signi…cant at the 1% level.


The descriptive analysis presented in this section is consistent with nationalist sentiments

(as re‡ected in the use of Ante for newborns) reacting strongly to war exposure during 1991-

1995 and being a¤ected by long-lived memories of WWII atrocities. An important question

for future research is whether the geographic di¤erences in nationalist sentiments induced

by the War of Independence persist. Ante is among the 10 most frequently given male

names for newborns in 2000 when our birth certi…cate data ends, …ve years after the War of

Independence. As of 2015, however, Ante is no longer among the top-10 newborn names. 42

7 Intergenerational Transmission of Nationalism

We now turn to the analysis of intergenerational transmission of nationalist names. The

time and geographic comparisons provided above suggest that the experience of the 1991-

1995 war, when the use of nationalist names was peaking in Croatia, o¤ers an interesting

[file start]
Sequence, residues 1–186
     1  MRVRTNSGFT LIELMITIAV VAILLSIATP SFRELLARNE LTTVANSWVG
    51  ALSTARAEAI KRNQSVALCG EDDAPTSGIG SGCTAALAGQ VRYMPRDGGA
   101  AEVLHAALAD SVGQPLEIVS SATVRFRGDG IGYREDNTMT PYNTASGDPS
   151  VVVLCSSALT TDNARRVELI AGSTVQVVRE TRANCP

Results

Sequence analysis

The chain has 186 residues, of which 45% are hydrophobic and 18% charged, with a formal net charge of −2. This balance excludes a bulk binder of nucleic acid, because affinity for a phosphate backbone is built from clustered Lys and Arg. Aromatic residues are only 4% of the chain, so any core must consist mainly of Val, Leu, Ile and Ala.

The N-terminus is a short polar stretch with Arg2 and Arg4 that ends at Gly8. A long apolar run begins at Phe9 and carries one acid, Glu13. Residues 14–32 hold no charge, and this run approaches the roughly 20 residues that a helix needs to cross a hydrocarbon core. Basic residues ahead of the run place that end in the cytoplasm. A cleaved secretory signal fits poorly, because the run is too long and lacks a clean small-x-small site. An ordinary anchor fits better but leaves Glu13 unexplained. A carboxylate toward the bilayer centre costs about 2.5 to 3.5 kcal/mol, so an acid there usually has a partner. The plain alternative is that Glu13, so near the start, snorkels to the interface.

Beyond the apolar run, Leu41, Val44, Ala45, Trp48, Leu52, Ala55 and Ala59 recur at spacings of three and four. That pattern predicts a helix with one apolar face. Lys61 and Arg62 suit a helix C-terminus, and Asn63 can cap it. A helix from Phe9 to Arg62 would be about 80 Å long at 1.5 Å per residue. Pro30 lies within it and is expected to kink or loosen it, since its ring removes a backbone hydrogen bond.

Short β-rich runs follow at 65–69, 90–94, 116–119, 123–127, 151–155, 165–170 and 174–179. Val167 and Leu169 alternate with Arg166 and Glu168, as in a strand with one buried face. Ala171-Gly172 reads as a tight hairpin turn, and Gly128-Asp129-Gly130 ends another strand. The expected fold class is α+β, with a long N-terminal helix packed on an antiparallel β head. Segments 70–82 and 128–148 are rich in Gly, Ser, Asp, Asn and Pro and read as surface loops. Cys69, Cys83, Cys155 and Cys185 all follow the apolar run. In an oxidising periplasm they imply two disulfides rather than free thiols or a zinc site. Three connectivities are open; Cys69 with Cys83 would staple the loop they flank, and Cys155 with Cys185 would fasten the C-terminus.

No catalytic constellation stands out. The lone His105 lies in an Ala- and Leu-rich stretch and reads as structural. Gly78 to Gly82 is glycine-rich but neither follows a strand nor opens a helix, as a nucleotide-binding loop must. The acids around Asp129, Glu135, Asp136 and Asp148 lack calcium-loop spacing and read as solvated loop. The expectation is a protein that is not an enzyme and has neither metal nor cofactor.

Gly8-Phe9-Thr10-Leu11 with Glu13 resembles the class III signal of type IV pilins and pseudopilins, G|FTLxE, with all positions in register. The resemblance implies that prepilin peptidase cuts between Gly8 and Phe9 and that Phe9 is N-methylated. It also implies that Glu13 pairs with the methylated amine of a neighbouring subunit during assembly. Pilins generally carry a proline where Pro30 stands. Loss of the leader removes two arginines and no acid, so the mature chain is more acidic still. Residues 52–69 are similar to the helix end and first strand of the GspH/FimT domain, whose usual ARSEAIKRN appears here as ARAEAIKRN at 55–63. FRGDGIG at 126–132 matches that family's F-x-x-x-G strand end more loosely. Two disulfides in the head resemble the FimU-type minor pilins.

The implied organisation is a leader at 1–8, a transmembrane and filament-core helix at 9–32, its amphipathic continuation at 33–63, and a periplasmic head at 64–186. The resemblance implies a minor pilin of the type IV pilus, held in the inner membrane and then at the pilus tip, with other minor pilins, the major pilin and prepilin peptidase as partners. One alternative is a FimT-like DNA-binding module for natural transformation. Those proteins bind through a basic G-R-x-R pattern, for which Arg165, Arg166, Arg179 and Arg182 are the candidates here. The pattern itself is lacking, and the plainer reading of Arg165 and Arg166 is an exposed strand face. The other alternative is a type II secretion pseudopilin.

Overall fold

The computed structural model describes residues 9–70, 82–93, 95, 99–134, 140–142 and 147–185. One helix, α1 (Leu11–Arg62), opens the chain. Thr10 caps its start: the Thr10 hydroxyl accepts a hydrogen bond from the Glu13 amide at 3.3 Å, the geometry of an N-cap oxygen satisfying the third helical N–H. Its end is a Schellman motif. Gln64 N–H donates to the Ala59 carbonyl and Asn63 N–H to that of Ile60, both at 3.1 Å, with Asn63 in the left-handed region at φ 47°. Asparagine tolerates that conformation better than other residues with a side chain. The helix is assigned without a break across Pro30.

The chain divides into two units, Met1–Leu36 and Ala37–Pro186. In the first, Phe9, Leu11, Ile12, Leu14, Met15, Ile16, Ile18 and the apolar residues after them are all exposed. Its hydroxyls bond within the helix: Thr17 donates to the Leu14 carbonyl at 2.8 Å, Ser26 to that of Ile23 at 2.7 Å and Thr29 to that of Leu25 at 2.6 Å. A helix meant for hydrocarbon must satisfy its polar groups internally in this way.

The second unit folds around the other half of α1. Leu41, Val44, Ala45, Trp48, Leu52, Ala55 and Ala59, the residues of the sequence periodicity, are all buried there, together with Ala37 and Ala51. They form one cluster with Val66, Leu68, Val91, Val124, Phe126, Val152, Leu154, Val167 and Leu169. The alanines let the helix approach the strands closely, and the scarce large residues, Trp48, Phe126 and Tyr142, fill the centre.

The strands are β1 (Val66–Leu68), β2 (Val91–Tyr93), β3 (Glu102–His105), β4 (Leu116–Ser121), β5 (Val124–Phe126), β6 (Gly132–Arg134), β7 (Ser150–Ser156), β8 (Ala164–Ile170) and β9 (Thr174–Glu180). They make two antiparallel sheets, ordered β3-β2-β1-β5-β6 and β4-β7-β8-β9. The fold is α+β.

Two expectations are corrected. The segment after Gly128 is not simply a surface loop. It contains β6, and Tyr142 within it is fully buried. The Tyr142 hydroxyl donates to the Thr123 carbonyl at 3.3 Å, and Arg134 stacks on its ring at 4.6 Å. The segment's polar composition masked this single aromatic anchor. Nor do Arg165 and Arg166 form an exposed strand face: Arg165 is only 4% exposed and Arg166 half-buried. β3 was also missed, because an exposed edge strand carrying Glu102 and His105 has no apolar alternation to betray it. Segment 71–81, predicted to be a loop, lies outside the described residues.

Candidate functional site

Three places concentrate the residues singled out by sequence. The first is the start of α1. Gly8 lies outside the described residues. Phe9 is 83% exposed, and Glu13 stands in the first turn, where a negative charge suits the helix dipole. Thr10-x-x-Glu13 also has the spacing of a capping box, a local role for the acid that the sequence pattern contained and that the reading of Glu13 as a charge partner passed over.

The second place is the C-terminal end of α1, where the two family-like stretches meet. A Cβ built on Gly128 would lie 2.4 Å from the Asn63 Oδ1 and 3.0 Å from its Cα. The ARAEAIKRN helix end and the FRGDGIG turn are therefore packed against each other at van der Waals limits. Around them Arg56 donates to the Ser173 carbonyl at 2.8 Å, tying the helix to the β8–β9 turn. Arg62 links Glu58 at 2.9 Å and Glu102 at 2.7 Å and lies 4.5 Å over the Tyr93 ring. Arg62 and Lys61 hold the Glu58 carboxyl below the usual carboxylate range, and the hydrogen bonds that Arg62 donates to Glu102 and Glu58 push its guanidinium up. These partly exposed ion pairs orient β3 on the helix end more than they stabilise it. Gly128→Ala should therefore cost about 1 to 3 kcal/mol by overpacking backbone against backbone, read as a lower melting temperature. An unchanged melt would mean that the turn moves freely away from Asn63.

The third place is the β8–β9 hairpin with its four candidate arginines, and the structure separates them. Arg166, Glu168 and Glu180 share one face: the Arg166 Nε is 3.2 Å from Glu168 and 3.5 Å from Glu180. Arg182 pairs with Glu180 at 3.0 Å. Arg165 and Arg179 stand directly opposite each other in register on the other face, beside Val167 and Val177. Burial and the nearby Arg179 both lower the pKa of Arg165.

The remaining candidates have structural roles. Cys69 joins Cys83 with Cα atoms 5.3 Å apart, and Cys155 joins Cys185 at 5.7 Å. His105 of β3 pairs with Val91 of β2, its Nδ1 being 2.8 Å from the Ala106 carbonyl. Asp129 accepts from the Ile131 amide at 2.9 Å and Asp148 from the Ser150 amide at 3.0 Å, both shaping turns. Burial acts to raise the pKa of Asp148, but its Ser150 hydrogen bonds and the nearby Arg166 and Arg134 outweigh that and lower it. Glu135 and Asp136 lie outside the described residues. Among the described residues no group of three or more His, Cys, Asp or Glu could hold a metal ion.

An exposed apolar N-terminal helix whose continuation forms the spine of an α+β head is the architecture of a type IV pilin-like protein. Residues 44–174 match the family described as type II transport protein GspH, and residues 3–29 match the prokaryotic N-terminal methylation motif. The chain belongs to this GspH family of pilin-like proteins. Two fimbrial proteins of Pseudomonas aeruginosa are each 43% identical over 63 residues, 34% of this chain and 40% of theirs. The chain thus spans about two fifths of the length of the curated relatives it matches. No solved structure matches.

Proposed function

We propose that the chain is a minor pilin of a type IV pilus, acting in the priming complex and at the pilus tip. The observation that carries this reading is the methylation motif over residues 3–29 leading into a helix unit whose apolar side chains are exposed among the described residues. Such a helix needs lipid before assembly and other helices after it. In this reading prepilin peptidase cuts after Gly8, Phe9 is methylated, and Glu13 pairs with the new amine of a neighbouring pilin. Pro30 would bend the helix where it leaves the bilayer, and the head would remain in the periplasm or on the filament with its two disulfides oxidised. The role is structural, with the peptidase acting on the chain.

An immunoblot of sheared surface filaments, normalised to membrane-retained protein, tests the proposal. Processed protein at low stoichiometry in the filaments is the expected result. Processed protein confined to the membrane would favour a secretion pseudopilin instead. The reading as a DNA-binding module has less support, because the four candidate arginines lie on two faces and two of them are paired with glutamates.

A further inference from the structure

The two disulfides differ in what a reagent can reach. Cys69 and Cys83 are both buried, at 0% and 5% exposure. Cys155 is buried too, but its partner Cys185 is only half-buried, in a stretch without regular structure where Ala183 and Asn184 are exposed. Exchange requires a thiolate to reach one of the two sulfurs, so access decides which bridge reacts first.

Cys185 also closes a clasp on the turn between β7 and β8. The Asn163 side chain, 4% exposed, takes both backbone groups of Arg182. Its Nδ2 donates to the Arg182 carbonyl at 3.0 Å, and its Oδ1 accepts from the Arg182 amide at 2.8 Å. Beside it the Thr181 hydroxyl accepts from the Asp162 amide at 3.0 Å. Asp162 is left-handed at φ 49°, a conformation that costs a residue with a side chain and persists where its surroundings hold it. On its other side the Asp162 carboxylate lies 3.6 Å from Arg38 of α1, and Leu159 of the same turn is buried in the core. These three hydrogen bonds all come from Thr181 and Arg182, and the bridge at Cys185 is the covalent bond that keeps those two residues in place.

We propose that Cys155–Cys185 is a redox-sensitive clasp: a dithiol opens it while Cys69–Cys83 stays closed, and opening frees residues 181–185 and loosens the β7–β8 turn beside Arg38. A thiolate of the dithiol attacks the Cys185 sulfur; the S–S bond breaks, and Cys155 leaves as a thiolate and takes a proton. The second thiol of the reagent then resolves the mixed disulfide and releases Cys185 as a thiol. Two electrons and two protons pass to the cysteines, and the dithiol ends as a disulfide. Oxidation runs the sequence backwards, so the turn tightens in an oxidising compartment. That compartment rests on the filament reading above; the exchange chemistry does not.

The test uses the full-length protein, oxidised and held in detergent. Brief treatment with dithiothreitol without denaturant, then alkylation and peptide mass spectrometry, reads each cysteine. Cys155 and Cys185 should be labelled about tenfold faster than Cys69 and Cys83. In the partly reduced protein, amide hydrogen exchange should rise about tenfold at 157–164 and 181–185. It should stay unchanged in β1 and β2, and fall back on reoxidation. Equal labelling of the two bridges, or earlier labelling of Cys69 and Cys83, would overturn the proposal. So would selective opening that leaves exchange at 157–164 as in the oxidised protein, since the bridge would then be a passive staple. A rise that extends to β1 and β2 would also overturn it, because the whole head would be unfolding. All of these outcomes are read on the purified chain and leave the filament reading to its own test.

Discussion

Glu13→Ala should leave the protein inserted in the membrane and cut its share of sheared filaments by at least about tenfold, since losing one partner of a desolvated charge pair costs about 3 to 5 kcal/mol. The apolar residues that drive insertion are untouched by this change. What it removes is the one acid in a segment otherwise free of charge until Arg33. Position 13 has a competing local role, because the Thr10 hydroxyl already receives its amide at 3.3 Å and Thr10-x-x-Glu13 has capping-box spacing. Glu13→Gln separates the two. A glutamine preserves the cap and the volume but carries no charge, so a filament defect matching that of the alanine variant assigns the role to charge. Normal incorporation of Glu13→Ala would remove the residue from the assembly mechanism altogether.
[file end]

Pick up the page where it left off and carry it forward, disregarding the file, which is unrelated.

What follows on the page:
case to study the intergenerational transmission of nationalism. We therefore focus our

analysis on nationalist-name transmission during the independence war, i.e., for boys born

during 1991 to 1995. This is also the period during which we established the nationalism

signal (information content) of nationalist names in Section 5. We again rely on the birth

certi…cate data. Since fathers of sons born during 1991-1995 can be expected to have been

born before the rapid decline in the use of Catholic names in Croatia, we constrain the

set of fathers’names (but not sons’names) to those that appear on the Catholic calendar

(mirroring the approach used in Section 5, where we studied men who were adults in 1991).

To assess the extent to which nationalism spreads through intergenerational transmission,

we study …rst name choices for sons depending on whether their fathers have a nationalist

name. Campante and Yanagizawa-Drott (2015) present a simple model of purposeful transmission

of political or cultural traits (in the spirit of Bisin and Verdier, 2001), which predicts

that shocks strengthening such traits (including, possibly, the war experiences outlined above)

42 According to the Croatian Ministry of Public Administration, in 2015 Ante is among the top-5 male

names in 2 out of 21 Croatian districts, but not in those most a¤ected by the 1991-1995 war.


induce increased e¤ort in transmitting one’s traits to one’s o¤spring. 43 In our case, such increased

e¤ort corresponds to a higher probability of giving one’s son a nationalist name, Ante

or other. Based on the name use analysis provided above, we contrast transmission rates for